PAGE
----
But she also says it’s time to get some help. “Both my girls have aged out and Erika is going into her senior year. I want to be able to focus on her a little more this next year and am looking for someone to assist.” Meetings with Parks and Recreation, registrations and book work can be time consuming taking up to 10 hours a week during the season. But, what is most important is the program stays strong.
Snider is in it for the long run.
In the future the club is looking to build up the Westport girl’s softball field to make it more serviceable for the heavy use it is getting. They want a new backstop, dugout and scoreboard. The current scoreboard is run by a generator and doesn’t always work correctly. They want to bring power and water into the concession stand and are working to get new lights and level the field.
The ultimate goal though is the girls. The girls have fun, they learn skills and they learn how to communicate and work as a team. “I feel that athletics can help kids stay out of bad situations” said Snider. “If they are involved in sports, they have to keep grades up and don’t have time to get into a lot of other trouble.”
Coach Barnum, is excited for the future of fastpitch at Ocosta High School. “I’m really excited about the next five years because I’ll have girls who are graduates of the program.” This is the first year he’s had players that went all the way through the club to the high school team. “The more they can play, the better they’re going to be.” Then he added, “Having the Sniders [and South Beach Softball] is a big help in my program because they do the same drills. This gives the girls confidence and makes them more comfortable when they get to high school ball.”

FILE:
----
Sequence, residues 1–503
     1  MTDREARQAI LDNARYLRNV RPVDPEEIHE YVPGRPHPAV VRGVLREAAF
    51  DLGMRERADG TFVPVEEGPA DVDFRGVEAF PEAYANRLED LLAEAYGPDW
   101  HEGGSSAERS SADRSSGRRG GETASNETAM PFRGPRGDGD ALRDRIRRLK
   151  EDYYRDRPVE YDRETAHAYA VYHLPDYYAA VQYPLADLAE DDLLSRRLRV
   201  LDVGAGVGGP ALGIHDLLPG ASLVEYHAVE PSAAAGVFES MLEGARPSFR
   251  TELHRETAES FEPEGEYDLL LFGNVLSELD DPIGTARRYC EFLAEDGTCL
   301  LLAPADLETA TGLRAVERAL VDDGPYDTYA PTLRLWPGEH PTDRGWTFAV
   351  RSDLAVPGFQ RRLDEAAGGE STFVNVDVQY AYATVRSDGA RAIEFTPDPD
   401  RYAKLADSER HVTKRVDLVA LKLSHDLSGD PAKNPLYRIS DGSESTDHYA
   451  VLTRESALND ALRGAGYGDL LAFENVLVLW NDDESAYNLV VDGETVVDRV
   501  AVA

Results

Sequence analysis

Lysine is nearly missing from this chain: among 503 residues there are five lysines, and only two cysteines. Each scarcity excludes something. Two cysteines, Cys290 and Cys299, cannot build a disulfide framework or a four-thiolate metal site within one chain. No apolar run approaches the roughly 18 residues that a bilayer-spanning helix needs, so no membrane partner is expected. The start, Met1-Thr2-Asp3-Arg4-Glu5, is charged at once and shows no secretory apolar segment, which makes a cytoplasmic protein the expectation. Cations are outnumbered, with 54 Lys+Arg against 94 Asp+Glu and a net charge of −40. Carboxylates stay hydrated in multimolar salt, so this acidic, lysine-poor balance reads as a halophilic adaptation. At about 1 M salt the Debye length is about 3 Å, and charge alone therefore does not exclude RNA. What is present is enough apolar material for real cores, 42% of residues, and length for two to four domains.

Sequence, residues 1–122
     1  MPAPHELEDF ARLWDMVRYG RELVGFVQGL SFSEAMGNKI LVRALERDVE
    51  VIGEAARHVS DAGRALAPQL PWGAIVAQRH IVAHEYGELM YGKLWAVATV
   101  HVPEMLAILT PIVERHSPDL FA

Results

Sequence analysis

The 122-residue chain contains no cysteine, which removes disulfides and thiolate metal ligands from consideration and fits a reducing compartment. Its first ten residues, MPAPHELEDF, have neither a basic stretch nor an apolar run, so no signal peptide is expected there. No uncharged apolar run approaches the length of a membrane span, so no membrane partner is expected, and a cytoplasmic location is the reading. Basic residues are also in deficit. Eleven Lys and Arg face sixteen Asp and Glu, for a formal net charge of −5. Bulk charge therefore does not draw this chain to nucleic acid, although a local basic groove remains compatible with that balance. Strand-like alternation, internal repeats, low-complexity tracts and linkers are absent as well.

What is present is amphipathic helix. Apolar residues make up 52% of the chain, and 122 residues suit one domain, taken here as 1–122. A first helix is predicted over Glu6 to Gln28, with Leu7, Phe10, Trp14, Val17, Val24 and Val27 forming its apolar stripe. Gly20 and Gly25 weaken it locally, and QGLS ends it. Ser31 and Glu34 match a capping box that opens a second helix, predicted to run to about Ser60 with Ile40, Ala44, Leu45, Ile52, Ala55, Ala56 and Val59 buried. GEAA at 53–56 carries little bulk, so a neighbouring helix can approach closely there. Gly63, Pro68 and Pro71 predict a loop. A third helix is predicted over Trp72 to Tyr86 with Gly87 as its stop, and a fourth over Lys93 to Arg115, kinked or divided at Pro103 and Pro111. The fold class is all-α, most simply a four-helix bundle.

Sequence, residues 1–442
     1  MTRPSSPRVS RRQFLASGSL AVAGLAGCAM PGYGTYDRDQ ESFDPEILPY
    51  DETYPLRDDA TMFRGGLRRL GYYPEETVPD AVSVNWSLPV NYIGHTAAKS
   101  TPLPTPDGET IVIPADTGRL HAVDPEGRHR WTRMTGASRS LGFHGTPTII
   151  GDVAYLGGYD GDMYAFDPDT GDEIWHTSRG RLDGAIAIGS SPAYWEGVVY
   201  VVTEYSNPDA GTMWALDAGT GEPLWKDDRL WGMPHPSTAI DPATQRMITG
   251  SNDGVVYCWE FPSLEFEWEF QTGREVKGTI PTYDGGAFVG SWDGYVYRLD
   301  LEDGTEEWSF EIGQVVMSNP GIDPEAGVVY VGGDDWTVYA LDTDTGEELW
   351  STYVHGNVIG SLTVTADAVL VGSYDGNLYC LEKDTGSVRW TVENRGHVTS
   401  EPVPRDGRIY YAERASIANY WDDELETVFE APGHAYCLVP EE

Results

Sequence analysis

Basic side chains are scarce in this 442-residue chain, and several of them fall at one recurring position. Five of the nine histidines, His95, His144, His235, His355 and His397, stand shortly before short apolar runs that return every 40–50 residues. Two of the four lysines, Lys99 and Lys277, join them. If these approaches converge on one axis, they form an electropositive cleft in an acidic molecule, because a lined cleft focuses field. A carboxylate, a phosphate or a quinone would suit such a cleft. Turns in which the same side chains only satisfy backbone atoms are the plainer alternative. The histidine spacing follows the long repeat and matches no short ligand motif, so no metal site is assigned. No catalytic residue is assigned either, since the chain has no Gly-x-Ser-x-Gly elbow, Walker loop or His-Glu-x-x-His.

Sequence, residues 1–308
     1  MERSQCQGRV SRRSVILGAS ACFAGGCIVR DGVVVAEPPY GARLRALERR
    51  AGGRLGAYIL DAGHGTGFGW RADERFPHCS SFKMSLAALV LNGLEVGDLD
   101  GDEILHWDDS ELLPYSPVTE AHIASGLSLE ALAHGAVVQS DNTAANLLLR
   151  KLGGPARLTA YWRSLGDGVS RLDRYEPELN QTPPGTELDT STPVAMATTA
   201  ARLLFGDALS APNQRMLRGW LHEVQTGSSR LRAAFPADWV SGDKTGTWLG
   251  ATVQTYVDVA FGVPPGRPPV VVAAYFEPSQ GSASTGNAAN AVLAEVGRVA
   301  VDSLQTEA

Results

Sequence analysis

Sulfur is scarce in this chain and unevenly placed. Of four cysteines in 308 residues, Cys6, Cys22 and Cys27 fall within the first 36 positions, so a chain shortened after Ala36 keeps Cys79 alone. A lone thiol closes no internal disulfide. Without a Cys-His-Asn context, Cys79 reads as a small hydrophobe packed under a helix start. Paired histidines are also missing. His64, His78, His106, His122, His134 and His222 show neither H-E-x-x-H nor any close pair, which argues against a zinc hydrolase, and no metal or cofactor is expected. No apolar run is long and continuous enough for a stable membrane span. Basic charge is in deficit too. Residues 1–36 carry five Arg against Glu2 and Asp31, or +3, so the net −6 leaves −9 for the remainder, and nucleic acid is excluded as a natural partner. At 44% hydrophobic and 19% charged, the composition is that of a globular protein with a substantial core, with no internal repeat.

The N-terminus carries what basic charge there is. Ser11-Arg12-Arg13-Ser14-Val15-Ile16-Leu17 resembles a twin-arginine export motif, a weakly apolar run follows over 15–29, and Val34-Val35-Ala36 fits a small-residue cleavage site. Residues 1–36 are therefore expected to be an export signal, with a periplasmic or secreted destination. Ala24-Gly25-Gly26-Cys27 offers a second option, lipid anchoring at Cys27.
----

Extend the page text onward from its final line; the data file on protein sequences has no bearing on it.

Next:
Barnum too has a slew of community support, incredible assistant coaches and demands hard work and long hours from his team. This dedication has opened some doors for the girls in Westport. At least two girls from the high school team are looking at some serious opportunities for scholarships – a big accomplishment for a junior and sophomore.
“Moving back to Westport and starting a softball league changed my whole life.” Snider said. After starting the league she opened a restaurant, The Blue Buoy, with her dad and sister. She coaches both basketball and volleyball at Ocosta Junior/Senior High as well.
“Getting to coach those girls made me want to be better. I tell them to be the very best, try their best and to work hard. I heard myself saying these things and realized I wasn’t doing them. Coaching makes me want to be better. Even if I’m tired I get up and go so I can motivate the girls with a clear conscience.”